One of the things I love about Carolyn Miller’s books are that they are so unique. I love the regency era and have read so many books that take place during that time, yet I feel like I learn something new in each of Miller’s books. She clearly does her research. She also writes real characters who are not perfect and who are still growing, and we want to cheer them on in their journey. As much as I have enjoyed reading all of Miller’s books, this one is my favorite.

Caroline Hatherleigh has grown up in a very privileged bubble. She is the daughter of a Viscount and wants everyone to know it. She has been raised to act a certain way and is the standard of a society lady. Caroline has always struggled with having friends because she likes to make things about herself and only takes from the relationship.

Following in her parents’ unfaithful footsteps, she doesn’t believe in God and thinks that you are only a sinner if you murder people. She would only attend church services for appearances.

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When Caroline hears that her friend, Ned, had been shot, she immediately daydreams about future suitors and doesn’t care about what could happen to Ned.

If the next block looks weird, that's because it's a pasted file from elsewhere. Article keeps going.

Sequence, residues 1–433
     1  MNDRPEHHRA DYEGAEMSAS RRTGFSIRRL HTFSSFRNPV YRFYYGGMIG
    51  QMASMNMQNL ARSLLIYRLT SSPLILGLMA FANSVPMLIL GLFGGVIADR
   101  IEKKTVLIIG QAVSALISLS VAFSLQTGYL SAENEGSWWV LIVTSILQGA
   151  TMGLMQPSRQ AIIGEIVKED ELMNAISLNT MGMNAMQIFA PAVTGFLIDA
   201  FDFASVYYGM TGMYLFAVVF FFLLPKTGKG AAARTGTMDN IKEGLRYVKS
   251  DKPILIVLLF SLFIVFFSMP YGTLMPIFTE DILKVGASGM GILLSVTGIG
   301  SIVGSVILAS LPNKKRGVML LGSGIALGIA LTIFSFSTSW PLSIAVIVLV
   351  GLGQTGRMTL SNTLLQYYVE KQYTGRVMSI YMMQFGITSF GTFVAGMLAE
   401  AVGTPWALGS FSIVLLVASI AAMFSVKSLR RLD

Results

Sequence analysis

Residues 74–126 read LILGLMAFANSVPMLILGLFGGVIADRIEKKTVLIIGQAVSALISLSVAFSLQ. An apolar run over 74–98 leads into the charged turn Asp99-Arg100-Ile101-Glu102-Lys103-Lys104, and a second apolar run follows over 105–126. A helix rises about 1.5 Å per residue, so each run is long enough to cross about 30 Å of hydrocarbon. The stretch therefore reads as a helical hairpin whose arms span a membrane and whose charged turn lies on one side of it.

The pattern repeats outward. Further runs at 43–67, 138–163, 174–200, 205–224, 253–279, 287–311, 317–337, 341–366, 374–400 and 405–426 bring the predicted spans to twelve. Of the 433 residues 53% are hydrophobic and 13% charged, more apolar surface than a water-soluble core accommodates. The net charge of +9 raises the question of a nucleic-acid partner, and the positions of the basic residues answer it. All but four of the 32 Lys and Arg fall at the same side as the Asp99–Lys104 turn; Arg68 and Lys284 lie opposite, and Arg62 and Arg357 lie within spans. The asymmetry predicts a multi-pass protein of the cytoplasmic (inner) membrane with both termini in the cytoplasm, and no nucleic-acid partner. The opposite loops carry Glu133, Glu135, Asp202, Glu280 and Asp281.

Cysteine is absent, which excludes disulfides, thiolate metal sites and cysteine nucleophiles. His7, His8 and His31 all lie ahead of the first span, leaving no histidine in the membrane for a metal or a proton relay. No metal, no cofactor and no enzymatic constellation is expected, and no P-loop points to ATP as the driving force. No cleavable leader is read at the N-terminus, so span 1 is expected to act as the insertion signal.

I had a hard time liking Caroline at the beginning and she had a lot of learning to do. After leaving London to avoid scandal, Caroline meets Gideon. Gideon is far beneath her socially, but she can’t help but be drawn to him.

Gideon is in Sidmouth trying to discover fossils while hoping to protect his sister and provide her with the medical help she needs.

While I thought of Caroline negatively from the beginning, I really liked Gideon from the start. He lives a faithful life and proves how showing a good example can bring people to God.

No one is perfect, and I always enjoy when a character can grow in faith during the story. Caroline learns an important lesson that we should all read the Bible ourselves so we can know what is truly in it.

A major theme in A Hero for Miss Hatherleigh is how someone who is a believer of God can also believe in science. There are some beautiful quotes in the book that talk about seeing God’s work and how there is no way it can be accidental. I found the fossil-hunting incredibly interesting. After reading the book, I even bought myself a few fossils.